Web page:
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Deep in the unforgiving wilds of far western Mongolia,
the last remaining Kazakh eagle hunters harness a powerful
force of nature.
The burkitshi, as they are known in Kazakh, are proud men
whose faces reveal the harshness of the beautifully barren
landscape they call home.
They have an extraordinary bond with the golden eagle,
which to them represents the wind, the open space, the
isolation and the freedom found at the edge of the world.
"There are about 60 of the true hunters left, and each
winter claims a few more because winters are incredibly
brutal. And they're getting old, and every winter about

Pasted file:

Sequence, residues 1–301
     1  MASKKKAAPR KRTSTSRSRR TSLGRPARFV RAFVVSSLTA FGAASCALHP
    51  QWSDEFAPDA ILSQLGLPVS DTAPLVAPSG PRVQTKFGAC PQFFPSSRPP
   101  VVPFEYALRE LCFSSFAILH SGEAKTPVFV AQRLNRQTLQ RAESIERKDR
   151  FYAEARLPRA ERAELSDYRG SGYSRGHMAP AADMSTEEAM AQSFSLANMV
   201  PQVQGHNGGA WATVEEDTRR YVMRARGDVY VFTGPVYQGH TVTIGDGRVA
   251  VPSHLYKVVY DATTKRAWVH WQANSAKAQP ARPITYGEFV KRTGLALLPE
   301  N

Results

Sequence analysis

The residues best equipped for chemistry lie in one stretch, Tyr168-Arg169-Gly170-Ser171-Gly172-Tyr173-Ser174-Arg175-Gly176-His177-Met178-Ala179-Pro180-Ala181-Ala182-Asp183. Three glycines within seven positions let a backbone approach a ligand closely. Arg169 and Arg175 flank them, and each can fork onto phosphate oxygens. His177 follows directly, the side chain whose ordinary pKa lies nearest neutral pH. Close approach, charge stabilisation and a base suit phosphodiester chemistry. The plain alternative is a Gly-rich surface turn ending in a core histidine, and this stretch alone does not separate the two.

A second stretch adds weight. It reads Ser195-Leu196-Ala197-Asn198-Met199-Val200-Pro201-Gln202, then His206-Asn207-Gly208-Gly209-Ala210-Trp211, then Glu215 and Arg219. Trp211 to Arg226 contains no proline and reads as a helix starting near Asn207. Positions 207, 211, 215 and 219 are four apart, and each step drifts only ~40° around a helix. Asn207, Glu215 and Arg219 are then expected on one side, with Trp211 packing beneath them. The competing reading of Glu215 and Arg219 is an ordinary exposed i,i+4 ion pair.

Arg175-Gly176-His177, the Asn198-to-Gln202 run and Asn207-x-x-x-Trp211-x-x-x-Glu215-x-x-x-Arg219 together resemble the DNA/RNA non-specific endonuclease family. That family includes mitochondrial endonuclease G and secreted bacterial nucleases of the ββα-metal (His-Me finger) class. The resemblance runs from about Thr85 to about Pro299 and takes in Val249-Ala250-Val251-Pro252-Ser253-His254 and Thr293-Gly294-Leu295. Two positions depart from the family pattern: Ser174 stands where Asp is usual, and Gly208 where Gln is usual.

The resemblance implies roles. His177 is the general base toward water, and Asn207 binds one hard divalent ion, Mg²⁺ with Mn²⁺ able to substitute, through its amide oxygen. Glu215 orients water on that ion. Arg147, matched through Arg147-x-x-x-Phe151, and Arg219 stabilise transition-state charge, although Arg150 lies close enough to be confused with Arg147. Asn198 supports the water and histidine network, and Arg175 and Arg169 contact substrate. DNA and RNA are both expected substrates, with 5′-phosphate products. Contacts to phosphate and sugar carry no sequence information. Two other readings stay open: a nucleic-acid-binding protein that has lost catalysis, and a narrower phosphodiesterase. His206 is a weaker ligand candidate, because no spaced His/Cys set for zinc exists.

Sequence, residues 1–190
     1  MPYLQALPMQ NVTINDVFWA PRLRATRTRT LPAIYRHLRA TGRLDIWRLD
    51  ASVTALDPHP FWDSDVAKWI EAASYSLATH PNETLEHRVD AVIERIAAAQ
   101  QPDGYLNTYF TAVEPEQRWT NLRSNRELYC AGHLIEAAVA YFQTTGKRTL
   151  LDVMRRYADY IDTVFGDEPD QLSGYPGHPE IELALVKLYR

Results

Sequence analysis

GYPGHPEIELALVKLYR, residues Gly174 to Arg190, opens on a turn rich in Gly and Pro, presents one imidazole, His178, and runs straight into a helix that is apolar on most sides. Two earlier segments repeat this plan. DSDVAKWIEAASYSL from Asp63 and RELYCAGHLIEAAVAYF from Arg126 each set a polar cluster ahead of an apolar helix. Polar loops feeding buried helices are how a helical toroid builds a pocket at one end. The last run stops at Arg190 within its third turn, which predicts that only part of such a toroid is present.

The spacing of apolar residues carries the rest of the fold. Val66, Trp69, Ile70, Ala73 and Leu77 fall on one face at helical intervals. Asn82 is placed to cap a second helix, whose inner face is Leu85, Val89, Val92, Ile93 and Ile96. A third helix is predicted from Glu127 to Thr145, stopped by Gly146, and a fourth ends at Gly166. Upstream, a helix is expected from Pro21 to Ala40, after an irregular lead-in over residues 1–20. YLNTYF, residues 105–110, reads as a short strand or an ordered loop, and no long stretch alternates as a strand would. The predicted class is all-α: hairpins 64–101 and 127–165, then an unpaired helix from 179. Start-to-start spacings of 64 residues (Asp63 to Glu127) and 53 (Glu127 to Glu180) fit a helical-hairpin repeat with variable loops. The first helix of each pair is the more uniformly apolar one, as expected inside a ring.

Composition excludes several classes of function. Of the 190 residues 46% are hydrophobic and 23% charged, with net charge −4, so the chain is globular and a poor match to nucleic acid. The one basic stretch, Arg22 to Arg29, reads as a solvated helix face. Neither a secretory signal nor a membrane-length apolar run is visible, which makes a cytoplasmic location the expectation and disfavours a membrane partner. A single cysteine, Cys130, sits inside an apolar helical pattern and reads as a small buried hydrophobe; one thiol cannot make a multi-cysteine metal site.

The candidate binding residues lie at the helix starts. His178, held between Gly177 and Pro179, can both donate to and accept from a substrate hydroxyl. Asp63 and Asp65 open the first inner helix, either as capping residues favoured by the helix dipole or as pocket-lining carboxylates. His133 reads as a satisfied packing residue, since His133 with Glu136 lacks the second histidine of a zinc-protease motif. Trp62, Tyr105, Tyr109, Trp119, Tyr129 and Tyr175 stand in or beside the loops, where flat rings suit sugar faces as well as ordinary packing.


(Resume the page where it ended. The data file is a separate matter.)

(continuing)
two of them die," he says.
During the long winters, the eagle hunters leave their homes
and head into the mountains on horseback. Their eagles —
huge birds with a wingspan of up to eight feet and weighing
up to eight kilograms — perch on their arm.
"Almost all the hunting takes place during the winter months.
You can see the foxes' and wolves' footsteps on the snow, and
when they run there is nowhere for them to hide, because it's
a snow cover," Mohan says.
"When they want to go hunting they literally climb on top of a
huge mountain, and they stand on top of a rock, and they look
down. Right down below, another hunter would go down and
make some noise and chase the foxes out of the hole."